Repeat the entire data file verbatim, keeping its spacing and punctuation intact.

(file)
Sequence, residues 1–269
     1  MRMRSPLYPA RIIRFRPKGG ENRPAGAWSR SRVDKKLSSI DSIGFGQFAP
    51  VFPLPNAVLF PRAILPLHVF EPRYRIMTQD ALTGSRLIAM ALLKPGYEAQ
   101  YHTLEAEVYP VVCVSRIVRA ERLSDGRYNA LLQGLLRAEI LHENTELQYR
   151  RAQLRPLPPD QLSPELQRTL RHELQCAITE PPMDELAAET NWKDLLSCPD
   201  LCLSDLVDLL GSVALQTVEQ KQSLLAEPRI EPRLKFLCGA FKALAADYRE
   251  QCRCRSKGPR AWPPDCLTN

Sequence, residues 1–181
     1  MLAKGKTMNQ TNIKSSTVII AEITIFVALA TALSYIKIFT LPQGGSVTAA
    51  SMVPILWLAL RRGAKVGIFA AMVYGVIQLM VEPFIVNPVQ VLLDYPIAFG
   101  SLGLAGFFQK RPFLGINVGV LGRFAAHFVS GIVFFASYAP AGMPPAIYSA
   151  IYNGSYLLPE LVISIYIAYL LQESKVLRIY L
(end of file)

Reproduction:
Sequence, residues 1–269
     1  MRMRSPLYPA RIIRFRPKGG ENRPAGAWSR SRVDKKLSSI DSIGFGQFAP
    51  VFPLPNAVLF PRAILPLHVF EPRYRIMTQD ALTGSRLIAM ALLKPGYEAQ
   101  YHTLEAEVYP VVCVSRIVRA ERLSDGRYNA LLQGLLRAEI LHENTELQYR
   151  RAQLRPLPPD QLSPELQRTL RHELQCAITE PPMDELAAET NWKDLLSCPD
   201  LCLSDLVDLL GSVALQTVEQ KQSLLAEPRI EPRLKFLCGA FKALAADYRE
   251  QCRCRSKGPR AWPPDCLTN

Sequence, residues 1–181
     1  MLAKGKTMNQ TNIKSSTVII AEITIFVALA TALSYIKIFT LPQGGSVTAA
    51  SMVPILWLAL RRGAKVGIFA AMVYGVIQLM VEPFIVNPVQ VLLDYPIAFG
   101  SLGLAGFFQK RPFLGINVGV LGRFAAHFVS GIVFFASYAP AGMPPAIYSA
   151  IYNGSYLLPE LVISIYIAYL LQESKVLRIY L